We posted an answer to a question yesterday. As a result, we have been contacted with additional questions leading us to realize that many of our readers are in the dark about special education services. We thought we would provide readers with some background information as well as some additional resources to put in your tool chests.
Eligibility for Special Education Services
If an individual between age 3 and 21 years of age has one of 14 diagnosed disabilities and that disability impacts that person’s ability to benefit from education, he or she may be eligible for special education services from the Local Education Agency (LEA–usually the school district).
The 14 conditions include Autism, Deaf-blindness, Deafness, Hearing impairment, Mental retardation, Multiple disabilities, Orthopedic impairments, Other health impaired (which includes ADD and ADHD), Emotional disturbance, Specific learning disability, Speech or language impairment, Traumatic brain injury, Visual impairment, including blindness, or Developmental Delay (but only up to age 9).
Developing the IEP
Once the child has been determined eligible for services, the team (including the parent/guardian) work collaboratively to develop a plan for services. This plan is called the Individualized Educational Program (IEP).
The IEP is made up of several important parts including goals and objectives, type and amount of special education services, need for assistive technology, need for behavior support, and list of related services including type and amount.
As we discussed yesterday, the federal law lists a number of possible related services. These services include: Audiology, Counseling, Early Identification and Assessment, Medical Services, Occupational Therapy (OT) and Physical Therapy (PT), Orientation and Mobility, Parent Counseling and Training, Psychological, Recreation, Rehabilitation, School Health, Social Work, Speech Pathology, Transportation, Interpreters, and Assistive Technology.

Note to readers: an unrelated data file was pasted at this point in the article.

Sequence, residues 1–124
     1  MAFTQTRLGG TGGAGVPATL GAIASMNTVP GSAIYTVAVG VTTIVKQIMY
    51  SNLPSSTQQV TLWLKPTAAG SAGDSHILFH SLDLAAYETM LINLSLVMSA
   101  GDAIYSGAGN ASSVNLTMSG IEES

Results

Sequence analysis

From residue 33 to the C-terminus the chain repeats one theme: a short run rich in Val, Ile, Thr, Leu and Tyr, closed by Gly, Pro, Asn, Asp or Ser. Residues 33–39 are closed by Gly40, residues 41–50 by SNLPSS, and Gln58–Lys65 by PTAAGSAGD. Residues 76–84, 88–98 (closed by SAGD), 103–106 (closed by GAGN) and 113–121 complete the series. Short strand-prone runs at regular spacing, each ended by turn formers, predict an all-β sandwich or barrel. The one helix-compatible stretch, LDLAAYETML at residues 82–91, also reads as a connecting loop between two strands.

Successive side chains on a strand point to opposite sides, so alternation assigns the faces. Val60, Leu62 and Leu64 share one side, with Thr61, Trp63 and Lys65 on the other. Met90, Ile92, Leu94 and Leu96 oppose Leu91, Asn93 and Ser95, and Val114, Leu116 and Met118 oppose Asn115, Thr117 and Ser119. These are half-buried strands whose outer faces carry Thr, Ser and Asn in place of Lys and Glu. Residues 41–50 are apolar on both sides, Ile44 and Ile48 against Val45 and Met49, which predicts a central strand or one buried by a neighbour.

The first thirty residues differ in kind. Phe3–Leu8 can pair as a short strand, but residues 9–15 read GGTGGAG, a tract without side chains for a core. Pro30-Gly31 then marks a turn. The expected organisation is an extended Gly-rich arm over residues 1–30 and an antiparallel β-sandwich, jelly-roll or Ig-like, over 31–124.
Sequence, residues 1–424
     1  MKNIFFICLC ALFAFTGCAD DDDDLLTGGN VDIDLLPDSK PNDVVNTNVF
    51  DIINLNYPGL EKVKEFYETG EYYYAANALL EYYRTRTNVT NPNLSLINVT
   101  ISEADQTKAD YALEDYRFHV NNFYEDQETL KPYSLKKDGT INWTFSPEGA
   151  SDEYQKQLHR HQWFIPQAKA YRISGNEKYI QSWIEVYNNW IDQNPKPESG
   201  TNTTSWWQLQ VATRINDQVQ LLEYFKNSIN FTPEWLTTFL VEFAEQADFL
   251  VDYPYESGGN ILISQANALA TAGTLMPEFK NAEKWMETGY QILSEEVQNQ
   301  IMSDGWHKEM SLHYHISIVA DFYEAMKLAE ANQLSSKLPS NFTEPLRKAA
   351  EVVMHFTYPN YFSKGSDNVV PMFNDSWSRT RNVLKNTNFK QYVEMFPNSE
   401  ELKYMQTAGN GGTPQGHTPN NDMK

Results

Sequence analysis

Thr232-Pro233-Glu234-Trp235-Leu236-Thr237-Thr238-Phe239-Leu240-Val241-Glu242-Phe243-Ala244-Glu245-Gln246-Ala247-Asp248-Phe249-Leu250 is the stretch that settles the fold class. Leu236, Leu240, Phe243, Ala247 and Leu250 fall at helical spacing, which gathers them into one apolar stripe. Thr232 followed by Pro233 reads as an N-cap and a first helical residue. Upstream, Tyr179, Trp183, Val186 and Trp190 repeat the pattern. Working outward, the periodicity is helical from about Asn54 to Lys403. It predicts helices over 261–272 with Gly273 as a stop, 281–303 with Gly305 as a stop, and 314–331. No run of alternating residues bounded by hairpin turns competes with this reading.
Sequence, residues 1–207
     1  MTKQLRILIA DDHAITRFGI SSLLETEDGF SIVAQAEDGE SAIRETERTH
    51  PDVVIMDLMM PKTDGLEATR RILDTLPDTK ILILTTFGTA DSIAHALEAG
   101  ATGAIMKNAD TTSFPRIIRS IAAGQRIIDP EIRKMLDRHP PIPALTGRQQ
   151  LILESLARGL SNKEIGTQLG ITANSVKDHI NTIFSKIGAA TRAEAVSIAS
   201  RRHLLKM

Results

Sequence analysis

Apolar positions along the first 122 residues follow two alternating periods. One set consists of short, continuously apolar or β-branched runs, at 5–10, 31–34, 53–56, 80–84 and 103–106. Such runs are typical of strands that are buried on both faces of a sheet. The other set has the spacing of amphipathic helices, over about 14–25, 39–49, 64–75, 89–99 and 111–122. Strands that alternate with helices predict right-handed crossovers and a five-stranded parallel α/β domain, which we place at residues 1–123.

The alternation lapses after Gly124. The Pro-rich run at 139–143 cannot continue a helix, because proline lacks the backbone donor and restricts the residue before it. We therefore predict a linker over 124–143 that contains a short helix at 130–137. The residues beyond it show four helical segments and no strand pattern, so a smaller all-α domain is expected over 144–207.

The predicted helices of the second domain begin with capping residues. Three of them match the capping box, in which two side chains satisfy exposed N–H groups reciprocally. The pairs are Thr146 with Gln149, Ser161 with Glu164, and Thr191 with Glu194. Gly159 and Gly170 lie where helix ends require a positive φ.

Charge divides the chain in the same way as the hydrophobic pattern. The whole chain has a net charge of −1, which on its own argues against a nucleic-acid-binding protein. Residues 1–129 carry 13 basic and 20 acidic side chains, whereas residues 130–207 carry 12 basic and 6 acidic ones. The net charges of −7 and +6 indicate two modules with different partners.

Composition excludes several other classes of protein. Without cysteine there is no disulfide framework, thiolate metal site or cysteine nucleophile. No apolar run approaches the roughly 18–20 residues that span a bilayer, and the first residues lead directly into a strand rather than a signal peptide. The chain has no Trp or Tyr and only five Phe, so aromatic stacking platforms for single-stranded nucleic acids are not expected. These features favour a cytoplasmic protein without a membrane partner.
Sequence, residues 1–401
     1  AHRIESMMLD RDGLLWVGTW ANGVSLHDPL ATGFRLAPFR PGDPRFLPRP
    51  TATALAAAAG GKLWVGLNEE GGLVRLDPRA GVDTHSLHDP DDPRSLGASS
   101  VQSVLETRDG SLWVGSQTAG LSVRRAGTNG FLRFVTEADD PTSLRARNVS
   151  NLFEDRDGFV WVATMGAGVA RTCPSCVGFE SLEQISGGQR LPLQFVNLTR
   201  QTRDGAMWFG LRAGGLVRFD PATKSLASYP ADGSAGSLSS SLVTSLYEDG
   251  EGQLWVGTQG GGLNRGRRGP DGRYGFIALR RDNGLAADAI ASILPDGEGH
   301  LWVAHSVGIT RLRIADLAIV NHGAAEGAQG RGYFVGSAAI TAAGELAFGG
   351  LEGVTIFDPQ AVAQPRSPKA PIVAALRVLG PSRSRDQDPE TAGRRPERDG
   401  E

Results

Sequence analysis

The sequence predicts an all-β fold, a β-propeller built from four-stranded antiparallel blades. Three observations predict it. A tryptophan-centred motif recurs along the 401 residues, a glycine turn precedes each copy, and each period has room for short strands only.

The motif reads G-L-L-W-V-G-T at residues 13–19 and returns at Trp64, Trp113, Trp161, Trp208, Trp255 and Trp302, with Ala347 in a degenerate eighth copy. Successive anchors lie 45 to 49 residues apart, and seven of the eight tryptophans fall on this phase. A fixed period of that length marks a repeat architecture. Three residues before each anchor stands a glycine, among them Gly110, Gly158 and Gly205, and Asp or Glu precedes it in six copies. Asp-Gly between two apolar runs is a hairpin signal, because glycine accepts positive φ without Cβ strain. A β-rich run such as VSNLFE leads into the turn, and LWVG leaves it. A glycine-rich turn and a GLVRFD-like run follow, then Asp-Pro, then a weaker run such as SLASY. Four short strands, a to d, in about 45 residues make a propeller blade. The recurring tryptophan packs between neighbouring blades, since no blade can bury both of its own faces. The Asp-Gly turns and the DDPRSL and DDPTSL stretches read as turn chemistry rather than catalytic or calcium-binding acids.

It is important to note that the federal law specifically states that the services include those listed but that services are not limited to those listed. What does that mean…Not limited to?
Well, that means that your child may receive other services under Related Services. As we mentioned yesterday, the services are determined based on your child’s needs. Thus, the IEP should carefully document what your child needs in order to benefit from education. Some examples of other related services include:
- Medical services that are not limited to an MD
- Music therapy
ABA as a Related Service
And of course, our favorite related service is Applied Behavior Analysis (ABA). Yes, ABA may be listed in your child’s IEP as a related service. In fact, so many children in Connecticut have ABA as a service that the state actually has a law that will go in to effect this year related to who must supervise the individuals providing the ABA services to children with IEPs.
As we approach IEP season, make time to participate actively in the development of your child’s IEP. Work diligently to ensure that the document carefully reflects all of your child’s needs. Make certain that your child receives all of the related services that he/she (or you) need in order to benefit from education.
If you like the information here, you may find other resources on this same topic to be helpful.
- Wright’s Law
- PACER Center
- The Council of Parents, Attorneys, and Advocates (COPAA)
- National Dissemination Center for Children with Disabilities (NICCHY)
- IDEA (the government’s website on special education law)